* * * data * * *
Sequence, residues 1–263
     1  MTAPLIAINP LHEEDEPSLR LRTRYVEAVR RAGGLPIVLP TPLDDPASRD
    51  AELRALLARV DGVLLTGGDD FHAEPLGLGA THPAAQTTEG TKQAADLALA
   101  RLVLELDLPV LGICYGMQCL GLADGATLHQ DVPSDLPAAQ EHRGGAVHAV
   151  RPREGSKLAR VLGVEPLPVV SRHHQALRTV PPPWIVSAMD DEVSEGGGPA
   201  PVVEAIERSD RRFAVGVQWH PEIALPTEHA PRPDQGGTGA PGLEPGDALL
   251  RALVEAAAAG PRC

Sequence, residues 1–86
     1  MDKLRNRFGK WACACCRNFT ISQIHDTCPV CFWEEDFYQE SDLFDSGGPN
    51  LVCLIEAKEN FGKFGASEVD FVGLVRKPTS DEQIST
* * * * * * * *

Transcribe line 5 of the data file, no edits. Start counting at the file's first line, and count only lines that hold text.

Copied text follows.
   151  RPREGSKLAR VLGVEPLPVV SRHHQALRTV PPPWIVSAMD DEVSEGGGPA